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Futures and Options Market


Derivatives are financial instruments whose value depends on the value of one or more other basic variables called underlying assets or values. The most prevalent derivative instruments are futures contracts, option contracts, and swaps.

As defined by current regulations, futures are contracts whose term, amount, quantity, quality, and other features are standardized. They allow the user to buy or sell an underlying asset at a certain price, to be settled at a future date. Options are standardized contracts in which the buyer pays a premium in return for the right, but not the obligation, to buy in call options) or sell (in put options) an underlying asset at an agreed- upon price (called the strike price) at a future date, and the seller of the option is obliged to sell or buy the underlying, as the case may be, at the agreed-upon price.

Futures and options may be standardized, in which case they are generally traded in a physical venue or exchange, or made to order, with no specific expiration date, size or quality, in which case they are generally traded off the market or over the counter. Those who participate in these markets can be arbitrageurs, speculators, or risk hedgers, and they may take either buy positions (long) or sell positions (short).

The origins of the futures market go back to the Middle Ages. Futures were born out the need to meet the demands of farmers and tradesman. If a farmer began planting wheat in January, with the idea of harvesting it in June, he needed to be certain of the price he could sell his wheat in June. In years of scarcity, the price of wheat was likely to remain high, while in years of abundance the wheat was likely to be sold at lower prices. Under this scenario, the farmer took on a risk in setting the price at which he would sell his wheat. This is what gave rise to futures contracts.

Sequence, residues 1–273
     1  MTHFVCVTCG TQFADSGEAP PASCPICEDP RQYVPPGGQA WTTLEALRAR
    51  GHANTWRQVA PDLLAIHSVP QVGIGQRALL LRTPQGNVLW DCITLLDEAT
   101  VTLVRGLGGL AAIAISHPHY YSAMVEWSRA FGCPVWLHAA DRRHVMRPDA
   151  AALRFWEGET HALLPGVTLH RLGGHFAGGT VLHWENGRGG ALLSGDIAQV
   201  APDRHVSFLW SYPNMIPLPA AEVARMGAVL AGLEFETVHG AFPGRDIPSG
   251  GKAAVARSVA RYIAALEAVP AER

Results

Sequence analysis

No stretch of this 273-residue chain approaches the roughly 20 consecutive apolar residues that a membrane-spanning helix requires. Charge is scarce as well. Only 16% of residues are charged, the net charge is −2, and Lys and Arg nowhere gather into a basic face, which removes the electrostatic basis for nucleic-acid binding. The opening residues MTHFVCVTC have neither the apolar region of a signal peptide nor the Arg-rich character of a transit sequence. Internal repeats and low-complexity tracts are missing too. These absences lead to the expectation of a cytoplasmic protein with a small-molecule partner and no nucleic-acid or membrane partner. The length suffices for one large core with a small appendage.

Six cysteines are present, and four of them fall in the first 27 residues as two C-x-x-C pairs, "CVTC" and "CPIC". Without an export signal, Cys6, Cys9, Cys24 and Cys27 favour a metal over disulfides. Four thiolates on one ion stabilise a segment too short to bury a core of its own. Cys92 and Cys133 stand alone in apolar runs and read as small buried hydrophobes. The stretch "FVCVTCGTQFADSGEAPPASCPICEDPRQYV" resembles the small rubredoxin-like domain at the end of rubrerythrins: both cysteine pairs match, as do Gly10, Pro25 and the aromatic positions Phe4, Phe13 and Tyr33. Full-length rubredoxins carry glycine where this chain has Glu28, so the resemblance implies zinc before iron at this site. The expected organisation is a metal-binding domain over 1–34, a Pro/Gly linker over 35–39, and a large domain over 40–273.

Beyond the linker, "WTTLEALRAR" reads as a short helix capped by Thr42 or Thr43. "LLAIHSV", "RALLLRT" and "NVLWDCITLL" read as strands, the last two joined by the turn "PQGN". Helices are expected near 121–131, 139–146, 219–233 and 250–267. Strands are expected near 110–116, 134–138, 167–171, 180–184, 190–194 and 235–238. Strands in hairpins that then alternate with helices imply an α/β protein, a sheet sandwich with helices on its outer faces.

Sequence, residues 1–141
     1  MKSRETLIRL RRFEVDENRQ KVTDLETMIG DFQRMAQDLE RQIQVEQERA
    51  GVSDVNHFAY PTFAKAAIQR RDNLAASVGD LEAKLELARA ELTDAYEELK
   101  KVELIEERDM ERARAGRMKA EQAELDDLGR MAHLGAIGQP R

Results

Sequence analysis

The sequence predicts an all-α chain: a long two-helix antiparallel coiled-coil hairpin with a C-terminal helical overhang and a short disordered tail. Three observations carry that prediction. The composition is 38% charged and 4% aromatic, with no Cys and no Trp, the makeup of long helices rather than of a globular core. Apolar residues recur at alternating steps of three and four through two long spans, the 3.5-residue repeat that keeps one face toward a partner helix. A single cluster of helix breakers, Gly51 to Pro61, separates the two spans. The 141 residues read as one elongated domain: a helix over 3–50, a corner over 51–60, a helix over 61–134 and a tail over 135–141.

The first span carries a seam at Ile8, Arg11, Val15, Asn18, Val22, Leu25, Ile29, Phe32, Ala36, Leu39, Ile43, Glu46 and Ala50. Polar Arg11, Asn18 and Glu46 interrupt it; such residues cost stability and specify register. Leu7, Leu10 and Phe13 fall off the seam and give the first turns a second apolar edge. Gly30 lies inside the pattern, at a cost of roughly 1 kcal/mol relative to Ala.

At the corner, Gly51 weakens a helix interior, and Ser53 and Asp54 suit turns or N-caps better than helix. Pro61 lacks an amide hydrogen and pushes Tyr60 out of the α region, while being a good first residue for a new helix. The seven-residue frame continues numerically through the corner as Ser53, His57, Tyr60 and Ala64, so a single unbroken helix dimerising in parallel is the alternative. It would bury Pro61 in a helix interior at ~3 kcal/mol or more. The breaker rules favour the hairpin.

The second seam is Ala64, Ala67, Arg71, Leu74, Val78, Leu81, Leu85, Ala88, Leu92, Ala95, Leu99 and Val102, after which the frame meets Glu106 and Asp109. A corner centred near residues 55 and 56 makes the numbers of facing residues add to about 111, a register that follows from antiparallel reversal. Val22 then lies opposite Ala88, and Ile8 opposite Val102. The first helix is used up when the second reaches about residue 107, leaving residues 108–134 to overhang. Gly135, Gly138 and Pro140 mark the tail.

The first options contracts were seen in Europe and the United States in the 18th century, although they had a rather shady reputation at first because of certain fraudulent practices such as giving brokers options on the shares of certain companies to encourage them to recommend buying the stocks to their clients.

Although initially, both types of contract were traded over the counter, problems of default on quality, delivery dates and amounts were rife, requiring a standardization of contracts and the creation of the first clearinghouses. These clearinghouses began to act as counterparty for all transactions, ensuring delivery and payment of the products by charging a premium to buyers until the transaction was final, and collecting a guarantee from sellers on their sales. Thus, many times the seller could in turn transfer the delivery rights to another farmer. In other words, he could trade the contract before its expiration. Similarly, the buyer could trade their purchase rights with another participant. The seller could be sure he would receive a certain amount of money in the future for his wheat, and the buyer could be sure of obtaining a certain amount of wheat at a certain price in the future.

As technology progressed, futures and options contracts became very popular, and numerous venues (exchanges) began to open around the world, listing a wide variety of underlying assets: perishable goods, metals, interest rates, foreign currency, stocks, indices, etc. The market for exchange-listed options and futures has been highly successful. One reason is that they offer the industry ways of hedging the risks to which they are exposed each day in a flexible, relatively cheap and highly secure way.

Starting in the 1970s, the market for exchange-listed futures and options based on interes t rates, foreign currency and indices began to grow. By 1995, annual trading volume on the different world derivatives market reached 327 trillion dollars.


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